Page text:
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Homework Help: Angular velocity at 1/2 radius

  1. Sep 7, 2015 #1
    1. The problem statement, all variables and given/known data

    angular velocity about the axle = 65 rads^-1
    diameter = 0.54m
    radius= 0.27m
    1/2radius= 0.135m

    2. Relevant equations
    (Might be the probability that i have to use another equation)

    3. The attempt at a solution
    Firstly i cut the diameter in half which gave me the radius of 0.27m
    Then i cut it in half again(since i need ang.velocity between axle and outer edge)
    which gave the radius of 0.135m
    I am assuming that v=constant on all points on the wheel(this is where i may be wrong)
    so what i did was v=0.27m*65rads-1
    which gives v=17.55ms-1
    since i am assuming v=constant everywhere
    i arranged the formula w=v/r
    which i did 17.55/0.135m=130rads-1
    anyone can help me because im almost sure that i have a wrong answer


    Attached Files:

  2. jcsd
  3. Sep 7, 2015 #2
    If the wheel is going to stay in one piece, shouldn't all points along the radius complete one revolution in the same amount of time?

    You've assumed that the linear speed v is constant all along the radius, but are you sure that this is correct?
  4. Sep 7, 2015 #3
    I dont know if its correct since i dont have an answer sheet
  5. Sep 7, 2015 #4
    Sure, but do you agree that the angular speed must be the same at all points along the radius?
  6. Sep 7, 2015 #5
    So what you are saying is that w is 65 rads-1 at all points?because thr question is asking me to find w at half the radius
  7. Sep 7, 2015 #6
    I believe that is correct. The thing to understand is that ω =2π/T, or in other words T = 2π/ω. For the wheel to stay in one piece, all of the points along the radius must complete each revolution in the same amount of time. No matter where you are along the radius, the time for one rotation must be the same. If the edge of the wheel completed one revolution in less time than the point at half the radius then the wheel would break apart! A higher angular speed at the outer edge would mean that the rim of the wheel was turning through a larger angle each second the bits of the wheel that are closer to the centre.

    In order for this to happen, the linear speed v must vary along the radius. The further away from the centre you are the faster you must travel in order to complete one revolution in the same amount of time as the points that are closer to the centre.
  8. Sep 7, 2015 #7
    But doesnt the outer part of the wheel cover more diatance than the inner part.It is true that they both take T to complete 1 revolution but the outer part is covering more diatance
  9. Sep 7, 2015 #8
    That's correct. The distance travelled by a point on the outer edge of the wheel during one revolution is larger. The point must move through more metres per second to complete one revolution in the same time as a point closer to the middle. The linear speed v is larger on the edge of the wheel (more metres each second) but the angular speed ω must be the same (it turns through the same angle each second as the points closer to the centre).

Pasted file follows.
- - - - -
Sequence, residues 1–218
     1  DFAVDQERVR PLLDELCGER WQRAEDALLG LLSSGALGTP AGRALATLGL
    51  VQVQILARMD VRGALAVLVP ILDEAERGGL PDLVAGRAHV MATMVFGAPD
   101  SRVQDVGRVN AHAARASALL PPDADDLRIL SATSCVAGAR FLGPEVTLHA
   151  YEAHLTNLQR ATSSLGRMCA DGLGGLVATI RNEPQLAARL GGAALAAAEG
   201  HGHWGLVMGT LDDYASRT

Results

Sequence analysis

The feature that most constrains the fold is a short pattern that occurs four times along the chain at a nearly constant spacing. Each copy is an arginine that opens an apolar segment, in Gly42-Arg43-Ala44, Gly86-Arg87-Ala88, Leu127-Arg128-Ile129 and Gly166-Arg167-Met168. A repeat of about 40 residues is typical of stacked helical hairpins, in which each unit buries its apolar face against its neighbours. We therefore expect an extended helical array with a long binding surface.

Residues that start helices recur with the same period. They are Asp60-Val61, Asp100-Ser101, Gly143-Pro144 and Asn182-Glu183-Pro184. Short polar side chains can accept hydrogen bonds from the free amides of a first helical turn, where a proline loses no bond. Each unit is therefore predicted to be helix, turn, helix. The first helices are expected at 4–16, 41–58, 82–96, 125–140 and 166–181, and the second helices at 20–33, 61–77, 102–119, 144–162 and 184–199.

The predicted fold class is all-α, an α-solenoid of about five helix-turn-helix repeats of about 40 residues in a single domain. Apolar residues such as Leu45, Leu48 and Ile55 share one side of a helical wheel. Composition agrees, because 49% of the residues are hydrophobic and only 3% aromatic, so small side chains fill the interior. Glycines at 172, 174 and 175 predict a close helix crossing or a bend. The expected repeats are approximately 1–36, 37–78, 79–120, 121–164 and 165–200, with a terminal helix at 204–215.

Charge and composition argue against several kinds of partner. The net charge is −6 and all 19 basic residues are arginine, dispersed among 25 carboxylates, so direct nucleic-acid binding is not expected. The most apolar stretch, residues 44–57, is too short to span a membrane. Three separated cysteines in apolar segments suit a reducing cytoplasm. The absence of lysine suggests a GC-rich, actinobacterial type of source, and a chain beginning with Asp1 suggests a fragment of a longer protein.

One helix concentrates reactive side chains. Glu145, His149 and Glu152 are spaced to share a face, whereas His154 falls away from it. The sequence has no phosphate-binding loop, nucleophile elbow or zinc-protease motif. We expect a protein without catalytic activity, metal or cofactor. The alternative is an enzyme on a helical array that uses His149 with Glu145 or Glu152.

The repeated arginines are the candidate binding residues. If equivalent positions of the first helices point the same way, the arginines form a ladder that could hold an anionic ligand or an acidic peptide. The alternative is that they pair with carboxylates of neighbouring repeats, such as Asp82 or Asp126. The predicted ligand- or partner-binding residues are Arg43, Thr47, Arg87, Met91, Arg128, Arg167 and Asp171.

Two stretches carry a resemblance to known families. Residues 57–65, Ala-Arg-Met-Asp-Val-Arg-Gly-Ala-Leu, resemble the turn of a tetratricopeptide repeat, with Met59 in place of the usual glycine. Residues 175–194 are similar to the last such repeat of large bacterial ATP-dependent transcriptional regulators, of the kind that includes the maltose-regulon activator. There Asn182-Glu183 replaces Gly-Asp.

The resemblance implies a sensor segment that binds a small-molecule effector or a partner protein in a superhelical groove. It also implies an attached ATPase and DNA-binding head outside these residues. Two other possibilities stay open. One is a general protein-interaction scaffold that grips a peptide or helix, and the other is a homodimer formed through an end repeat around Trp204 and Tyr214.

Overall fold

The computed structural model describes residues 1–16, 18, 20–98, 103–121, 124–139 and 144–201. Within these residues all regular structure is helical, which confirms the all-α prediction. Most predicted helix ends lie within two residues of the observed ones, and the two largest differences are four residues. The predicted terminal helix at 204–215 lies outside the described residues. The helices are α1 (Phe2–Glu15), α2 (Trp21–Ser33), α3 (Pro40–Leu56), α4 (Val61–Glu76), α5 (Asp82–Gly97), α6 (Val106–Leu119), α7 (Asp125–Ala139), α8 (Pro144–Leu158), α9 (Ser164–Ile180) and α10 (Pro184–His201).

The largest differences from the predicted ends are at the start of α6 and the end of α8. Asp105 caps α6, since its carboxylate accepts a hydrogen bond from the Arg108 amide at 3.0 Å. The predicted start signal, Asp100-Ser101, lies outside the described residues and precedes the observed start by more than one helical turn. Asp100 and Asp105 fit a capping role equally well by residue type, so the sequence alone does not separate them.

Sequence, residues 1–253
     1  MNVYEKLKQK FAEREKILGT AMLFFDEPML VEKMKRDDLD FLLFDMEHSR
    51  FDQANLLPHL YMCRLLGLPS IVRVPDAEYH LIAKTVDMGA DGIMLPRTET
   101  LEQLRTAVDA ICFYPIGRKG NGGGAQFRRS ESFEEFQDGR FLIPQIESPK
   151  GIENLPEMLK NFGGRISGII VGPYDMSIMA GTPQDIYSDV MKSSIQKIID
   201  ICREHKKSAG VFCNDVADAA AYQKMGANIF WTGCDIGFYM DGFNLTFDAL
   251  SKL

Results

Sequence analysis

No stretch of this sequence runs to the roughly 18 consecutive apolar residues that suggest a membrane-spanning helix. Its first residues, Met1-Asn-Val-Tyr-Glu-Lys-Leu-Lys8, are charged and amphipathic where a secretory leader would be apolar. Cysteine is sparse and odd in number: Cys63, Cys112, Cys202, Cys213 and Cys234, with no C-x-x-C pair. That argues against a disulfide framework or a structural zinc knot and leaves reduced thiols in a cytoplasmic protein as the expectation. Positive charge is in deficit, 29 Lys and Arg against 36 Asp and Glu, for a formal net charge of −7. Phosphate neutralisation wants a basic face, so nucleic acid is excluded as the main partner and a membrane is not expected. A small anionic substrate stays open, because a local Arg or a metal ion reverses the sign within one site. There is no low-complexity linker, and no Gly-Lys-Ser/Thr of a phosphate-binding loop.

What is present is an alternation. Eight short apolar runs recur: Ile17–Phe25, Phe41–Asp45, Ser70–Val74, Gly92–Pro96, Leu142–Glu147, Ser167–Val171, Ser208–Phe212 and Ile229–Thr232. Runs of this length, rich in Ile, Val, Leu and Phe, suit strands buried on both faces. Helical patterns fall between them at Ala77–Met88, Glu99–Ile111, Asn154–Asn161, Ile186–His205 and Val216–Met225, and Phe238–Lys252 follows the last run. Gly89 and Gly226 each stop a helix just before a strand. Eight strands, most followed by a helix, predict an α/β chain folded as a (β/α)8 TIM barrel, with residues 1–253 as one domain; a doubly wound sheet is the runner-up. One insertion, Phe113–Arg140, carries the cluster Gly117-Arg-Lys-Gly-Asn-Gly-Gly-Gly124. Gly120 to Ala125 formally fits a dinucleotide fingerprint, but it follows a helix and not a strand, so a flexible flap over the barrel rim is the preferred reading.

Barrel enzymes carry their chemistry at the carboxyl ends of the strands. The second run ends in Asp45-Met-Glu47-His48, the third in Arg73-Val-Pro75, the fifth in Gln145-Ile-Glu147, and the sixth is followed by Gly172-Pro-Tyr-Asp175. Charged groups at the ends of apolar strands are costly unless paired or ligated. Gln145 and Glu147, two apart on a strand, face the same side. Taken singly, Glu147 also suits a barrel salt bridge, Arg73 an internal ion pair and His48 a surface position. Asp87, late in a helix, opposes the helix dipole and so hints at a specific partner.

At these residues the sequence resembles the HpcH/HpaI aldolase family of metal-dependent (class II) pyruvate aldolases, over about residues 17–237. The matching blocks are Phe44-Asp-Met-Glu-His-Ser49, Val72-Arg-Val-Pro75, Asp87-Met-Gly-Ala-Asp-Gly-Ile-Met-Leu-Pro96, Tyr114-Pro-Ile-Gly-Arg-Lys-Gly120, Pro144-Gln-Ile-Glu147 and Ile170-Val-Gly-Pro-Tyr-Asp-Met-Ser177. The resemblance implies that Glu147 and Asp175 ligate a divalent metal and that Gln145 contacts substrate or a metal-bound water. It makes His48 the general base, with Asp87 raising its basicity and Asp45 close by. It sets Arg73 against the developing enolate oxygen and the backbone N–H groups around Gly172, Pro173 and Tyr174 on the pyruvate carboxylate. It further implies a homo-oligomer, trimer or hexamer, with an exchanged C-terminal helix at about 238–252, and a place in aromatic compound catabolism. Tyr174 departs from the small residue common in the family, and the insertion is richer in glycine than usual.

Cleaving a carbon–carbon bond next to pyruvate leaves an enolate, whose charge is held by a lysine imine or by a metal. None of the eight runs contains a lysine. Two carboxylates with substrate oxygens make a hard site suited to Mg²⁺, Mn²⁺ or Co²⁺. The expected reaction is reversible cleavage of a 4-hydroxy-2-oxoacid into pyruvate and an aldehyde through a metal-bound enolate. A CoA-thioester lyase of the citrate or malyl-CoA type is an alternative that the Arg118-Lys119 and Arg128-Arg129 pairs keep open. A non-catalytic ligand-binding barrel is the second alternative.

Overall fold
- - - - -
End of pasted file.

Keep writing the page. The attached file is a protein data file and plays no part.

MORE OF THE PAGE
10. Sep 7, 2015 #9
    So basically
  11. Sep 7, 2015 #10
    Yep. In fact you have already written this down in your original post... v = ωr. Since the wheel is rigid, ω must be the same everywhere. On the other hand, v gets larger as you move out from the centre (v is proportional to r).
  12. Sep 7, 2015 #11
    So now i moved on to the second question and i did
    But it needs to be km/hr and the answer must be around 63
    m to km *1000
    so 1000*17.55=17550
    To get seconds to hrs you do /3600
    So 17550/3600=4.875
    What ami doing wrong?
  13. Sep 7, 2015 #12
    You've got the correct speed in metres per second, but your conversion into kilometres per hour is wrong.

    If you're moving at 17.55 m s-1, how far will you move in one hour?
  14. Sep 7, 2015 #13
    3600*17.55=631800/1000=63.18km/h-1 am i correct?
  15. Sep 7, 2015 #14
    That's what I get on my calculator, and it rounds to 63 km hr-1 as required by the question. I think it's safe to say that you've got the correct answer.
  16. Sep 7, 2015 #15


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    And a tip about posting images for problem statements: Please take the picture in plenty of light so that others can read the image. The image in the OP looks like it was taken under a blanket at night in a closet.
  17. Sep 7, 2015 #16
    I think its because i had my fladh on
  18. Sep 7, 2015 #17
    And in another section it says that the motorcycle crosses a bridge just without losing contant with the ground
    Calculate the radius of curvature of the bridge
  19. Sep 7, 2015 #18
    I take it that the motorcycle follows a circular path as it goes over the bridge? There's gotta be some centripetal resultant force acting for this to happen.

    Try drawing a diagram showing the motorcycle at the highest point on the bridge and then draw in all the forces.
  20. Sep 7, 2015 #19
    I used the equation r=v^2/g
    the answer seems bit big for an arc of a bridge what do you think?
  21. Sep 7, 2015 #20
    Its the same question no mass or forces are given just the diameter ,angular velocity and the velocity we have just found.
    And g=9.81ms-2 presumably
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